Digging Their Heels In

Sometimes in a negotiation, both sides really dig their heels in, usually because there’s some emotional aspect to the conflict that prevents them from letting go.

And yes, sometimes in family businesses people get into conflicts that are complicated by emotional issues.

 

Get Past their Positions

In order to have a better chance at a successful resolution, you need to get past their “positions” (My way / I’m right) and get to their interests.

Then, when you can find the common interests that both sides have, there’s something to work with.

Can the other family members avoid taking sides, and look for common interests instead?

I sure hope so!

Ownership Stages In Family Business

Ownership Stages In Family Business

Ownership Stages In Family Business

Readers may have noticed that the topic of “ownership” has been featured in this space more and more lately.

That’s no accident, because last summer when I wrote Ownership: The Forgotten Circle of Family Business” I also vowed to give this subject a bit more prominence here.

 

The Simple Stage “Model”

Most people who work in the Family Business field are well versed in this “model” that looks at things in their simplest form as a family business goes from one generation to the next:

Sole Owner => Sibling Partnership => Cousin Consortium

There really isn’t anything new here, but it’s a good starting place to discuss how the ownership of a family business can get more complex as the business goes from one generation of owners to the next.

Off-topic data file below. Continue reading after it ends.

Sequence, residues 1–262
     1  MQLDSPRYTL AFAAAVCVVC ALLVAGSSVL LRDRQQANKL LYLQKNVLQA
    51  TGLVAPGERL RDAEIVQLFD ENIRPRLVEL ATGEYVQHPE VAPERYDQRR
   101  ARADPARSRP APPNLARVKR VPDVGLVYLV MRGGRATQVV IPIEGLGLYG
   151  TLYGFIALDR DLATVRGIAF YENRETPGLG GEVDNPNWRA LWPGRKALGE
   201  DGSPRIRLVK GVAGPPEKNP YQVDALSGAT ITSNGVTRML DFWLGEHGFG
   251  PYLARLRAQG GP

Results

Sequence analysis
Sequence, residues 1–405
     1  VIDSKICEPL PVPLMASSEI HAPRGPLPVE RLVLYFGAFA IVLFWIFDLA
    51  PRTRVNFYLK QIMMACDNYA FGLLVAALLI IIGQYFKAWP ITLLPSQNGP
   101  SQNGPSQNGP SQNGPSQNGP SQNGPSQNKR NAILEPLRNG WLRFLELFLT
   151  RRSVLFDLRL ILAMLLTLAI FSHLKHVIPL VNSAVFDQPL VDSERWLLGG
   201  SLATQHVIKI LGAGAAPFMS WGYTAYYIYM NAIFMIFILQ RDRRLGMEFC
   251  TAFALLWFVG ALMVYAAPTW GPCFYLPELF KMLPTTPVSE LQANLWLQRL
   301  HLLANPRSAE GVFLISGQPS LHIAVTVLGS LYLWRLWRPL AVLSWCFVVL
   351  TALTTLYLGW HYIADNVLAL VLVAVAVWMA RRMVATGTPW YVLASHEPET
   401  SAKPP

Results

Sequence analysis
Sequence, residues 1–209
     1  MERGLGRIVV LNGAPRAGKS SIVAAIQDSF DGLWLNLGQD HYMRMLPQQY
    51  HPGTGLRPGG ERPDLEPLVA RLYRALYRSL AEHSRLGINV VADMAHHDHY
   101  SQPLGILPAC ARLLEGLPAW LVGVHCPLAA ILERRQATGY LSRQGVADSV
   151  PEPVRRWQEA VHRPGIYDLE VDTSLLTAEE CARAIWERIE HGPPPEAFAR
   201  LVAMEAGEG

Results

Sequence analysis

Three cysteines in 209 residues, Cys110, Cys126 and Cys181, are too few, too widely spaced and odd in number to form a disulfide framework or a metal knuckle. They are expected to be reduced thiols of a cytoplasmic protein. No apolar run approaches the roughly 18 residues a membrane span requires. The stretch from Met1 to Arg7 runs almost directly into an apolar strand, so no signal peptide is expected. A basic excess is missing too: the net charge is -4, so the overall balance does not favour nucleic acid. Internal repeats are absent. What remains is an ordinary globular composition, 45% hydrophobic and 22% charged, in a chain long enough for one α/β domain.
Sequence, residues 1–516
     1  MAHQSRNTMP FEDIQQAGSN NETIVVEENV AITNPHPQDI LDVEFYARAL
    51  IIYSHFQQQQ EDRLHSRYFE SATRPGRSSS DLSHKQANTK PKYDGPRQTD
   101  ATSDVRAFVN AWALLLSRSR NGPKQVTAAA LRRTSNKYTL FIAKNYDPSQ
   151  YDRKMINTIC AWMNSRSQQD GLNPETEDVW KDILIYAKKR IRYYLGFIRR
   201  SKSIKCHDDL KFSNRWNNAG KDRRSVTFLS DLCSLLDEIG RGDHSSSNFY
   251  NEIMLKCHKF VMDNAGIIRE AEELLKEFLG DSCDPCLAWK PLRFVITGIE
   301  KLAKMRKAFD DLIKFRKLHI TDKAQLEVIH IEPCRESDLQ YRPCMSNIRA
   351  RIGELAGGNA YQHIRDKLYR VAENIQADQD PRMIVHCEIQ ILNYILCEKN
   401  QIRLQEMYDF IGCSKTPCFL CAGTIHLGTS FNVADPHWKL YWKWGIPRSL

The verb I chose there, “can get” was very intentional on my part, because things do not necessarily get more complex, depending on the desires of the family and the plans that they make about how the actual ownership will be transitioned.

 

Does this Tree Need Pruning?

As I wrote last year in Pruning the FamBiz Ownership Tree”, sometimes the difficulty in passing a business down through generations is complicated by something as simple as math.

I recently spoke with a second-generation member of a farm family, and their case facts make for an interesting example.

Mom and Dad had 4 children, and each one of them is now married and they each have 4 children of their own.

The family group is expanding at a geometric pace. Will the farm be able to match that growth? That’s the proverbial $64 million question.

 

Counting People and Households

The farm initially supported 6 people in one household. One generation later, that became 26 people in 5 households. So far the math is pretty simple but only in a textbook example do things remain that way.

Did I mention that the range of ages of the grandchildren (G3) varies from late 20’s to single digits?

The oldest G3 member already has children and yet their generational “equal” is still in grade school.

How are they going to work out all of that stuff?

 

Getting Good Help

I often write about the importance of getting help from outside the family to assist and guide any family through these difficult decisions.

Luckily, there are surely plenty of well-qualified lawyers and accountants out there who have crafted the types of agreements and structures that are required to work out these complex cases.

So is that my answer, to go out and talk to a lawyer or an accountant?

Not so fast, please!

 

What Exactly Are You Trying to Do?

Before you look to technical professionals to structure things and write up the agreements necessary to formalize things, don’t you think it makes sense to figure out what you’re trying to do first?

How will the four siblings in the example above work through the decisions surrounding the best way to structure things?